Quantcast TROPIC SURVIVAL - 10330_122

Share on Google+Share on FacebookShare on LinkedInShare on TwitterShare on DiggShare on Stumble Upon
Custom Search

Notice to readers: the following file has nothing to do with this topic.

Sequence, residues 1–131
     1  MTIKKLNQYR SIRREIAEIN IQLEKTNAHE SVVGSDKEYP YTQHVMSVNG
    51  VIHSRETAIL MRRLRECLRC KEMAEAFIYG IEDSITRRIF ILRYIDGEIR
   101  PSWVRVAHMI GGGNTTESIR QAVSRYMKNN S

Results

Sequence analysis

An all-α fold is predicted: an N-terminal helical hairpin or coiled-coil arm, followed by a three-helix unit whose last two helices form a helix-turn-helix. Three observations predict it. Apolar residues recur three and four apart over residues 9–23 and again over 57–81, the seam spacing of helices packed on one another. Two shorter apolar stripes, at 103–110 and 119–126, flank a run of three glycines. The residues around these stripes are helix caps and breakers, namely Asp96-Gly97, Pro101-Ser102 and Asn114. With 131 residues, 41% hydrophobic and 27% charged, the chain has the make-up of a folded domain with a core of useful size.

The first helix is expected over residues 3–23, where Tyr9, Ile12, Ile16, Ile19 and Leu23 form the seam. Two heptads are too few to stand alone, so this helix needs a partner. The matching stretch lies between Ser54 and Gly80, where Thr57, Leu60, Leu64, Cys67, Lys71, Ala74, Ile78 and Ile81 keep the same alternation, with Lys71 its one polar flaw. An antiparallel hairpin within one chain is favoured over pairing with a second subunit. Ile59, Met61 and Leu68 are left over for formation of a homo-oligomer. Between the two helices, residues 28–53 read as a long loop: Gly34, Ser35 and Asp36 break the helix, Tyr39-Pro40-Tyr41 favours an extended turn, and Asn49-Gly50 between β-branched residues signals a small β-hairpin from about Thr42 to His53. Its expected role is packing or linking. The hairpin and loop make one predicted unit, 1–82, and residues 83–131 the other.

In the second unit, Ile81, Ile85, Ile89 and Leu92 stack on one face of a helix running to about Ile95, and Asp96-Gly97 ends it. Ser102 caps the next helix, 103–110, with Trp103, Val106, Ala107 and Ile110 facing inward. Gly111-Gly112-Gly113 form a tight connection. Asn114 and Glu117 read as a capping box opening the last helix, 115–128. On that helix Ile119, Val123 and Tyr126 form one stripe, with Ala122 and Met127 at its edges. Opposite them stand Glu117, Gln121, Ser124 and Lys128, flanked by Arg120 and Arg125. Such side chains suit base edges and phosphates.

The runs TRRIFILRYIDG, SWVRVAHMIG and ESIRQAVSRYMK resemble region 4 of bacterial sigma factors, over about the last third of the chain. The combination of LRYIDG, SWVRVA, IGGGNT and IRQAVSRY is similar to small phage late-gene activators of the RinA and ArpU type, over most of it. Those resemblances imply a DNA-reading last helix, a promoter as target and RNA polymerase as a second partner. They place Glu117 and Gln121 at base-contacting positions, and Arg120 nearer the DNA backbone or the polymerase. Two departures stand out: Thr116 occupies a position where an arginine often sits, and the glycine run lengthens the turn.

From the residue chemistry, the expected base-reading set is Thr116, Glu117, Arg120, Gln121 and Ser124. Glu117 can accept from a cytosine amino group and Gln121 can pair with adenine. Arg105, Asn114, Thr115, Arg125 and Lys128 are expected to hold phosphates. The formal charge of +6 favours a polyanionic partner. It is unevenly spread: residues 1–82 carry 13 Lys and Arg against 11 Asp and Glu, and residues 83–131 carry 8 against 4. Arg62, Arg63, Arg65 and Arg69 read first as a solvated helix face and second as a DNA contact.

Beware of flash floods when you are traveling along dry watercourses, particularly in the vicinity of mountains. You should never make camp in a stream bed; while rain in the desert is scare, storms can and do produce flash flooding very quickly. TROPIC SURVIVAL When used with reference to survival, the term tropics refers primarily to jungles, for those are the parts of the tropics that present survival problems distinctly different from those in other parts of the world. Hazards Most stories about the animals, snakes, spiders, and nameless terrors of the jungle are pure bunk. You are probably safer from sudden death in the jungle than in most big cities. You will probably never see a poisonous snake or a large animal. What may scare you most are the howls, screams, and crashing sounds made by noisy monkeys, birds, and insects. The real dangers of the tropics are the insects, many of which pass on diseases. Probably the worst disease is malaria, which is transmitted by the mosquito. That is why the survival kit provides a mosquito headnet. Wear this net regularly, especially at dawn and dusk when mosquitoes are the thickest; use insect repellent, wear gloves, and take Atabrine pills too. A smudge fire also helps keep mosquitoes away, especially at dawn and dusk. There are many other insects and pests in the jungle—ticks, leeches, scorpions, centipedes, and spiders, to name just a few. Stings or bites from these insects can create infection and cause illness. Frequently check your body and your clothing for insects and get rid of them. Beware of scratches also. In the jungle even the slightest scratch can cause serious infection within hours. Clothing As with the Arctic and the desert, clothing in the tropics serves as a protection against exposure, insects, and plant life. You should keep your sleeves rolled down and buttoned. Tuck the legs of your pants into your socks and keep your shoes on. This may help keep out unwanted insects such as ticks, leeches, and ants. Always wear full clothing in the tropics. By wearing your clothing loosely, your body will be cooler. Change your clothing as often as it is practical. Remember dirty clothes may lead to a skin infection; therefore, they should be washed daily, especially your socks. Food and Water Food and water are plentiful in the jungle. It is a proven fact that a person can survive in the jungle and actually like it, if provided with a basic knowledge of how to use the animals and other food found in the jungle. When you are selecting food in the jungle, watch the monkeys. Almost everything a monkey eats is eatable by humans. There are fish in all jungle streams. Eat only fish that have scales and look typically like a fish. Fish that have slimy skin and unusually shaped bodies are to be avoided. Shelter Night in the jungle comes very fast. So prepare for bed early. In the jungle you need more sleep than usual to keep up your energy and strength and to maintain resistance against disease. Try to pick a campsite on a knoll or high spot in an open place well away from swamps. You will be bothered less by mosquitoes, the ground will be dryer, and there will be more chances of a breeze. Don’t build a shelter under large trees or trees with dead limbs. They may fall and wreck your camp or cause injury. Don’t sleep or build a shelter under coconut trees. In the wet jungle forest, you will need shelter from the dampness. If you stay with the plane, use it for shelter. Try to make it mosquitoproof by covering the openings with netting or parachute cloth. In mountainous jungle, the nights are cold. Get out of the wind. Make a fire a few feet from a cliff or against a log or rock pile, and build your shelter so that you get reflected heat. Arrange the reflector so that the fire doesn’t blow toward you. FIRE MAKING You may need fire for warmth, for keeping dry, for signaling, for cooking, and for purifying water. Do not build a big fire. Small fires require less fuel, are easier to control, and their heat can be concentrated. In cold weather small fires arranged in a circle are much more effective than one large fire. 5-34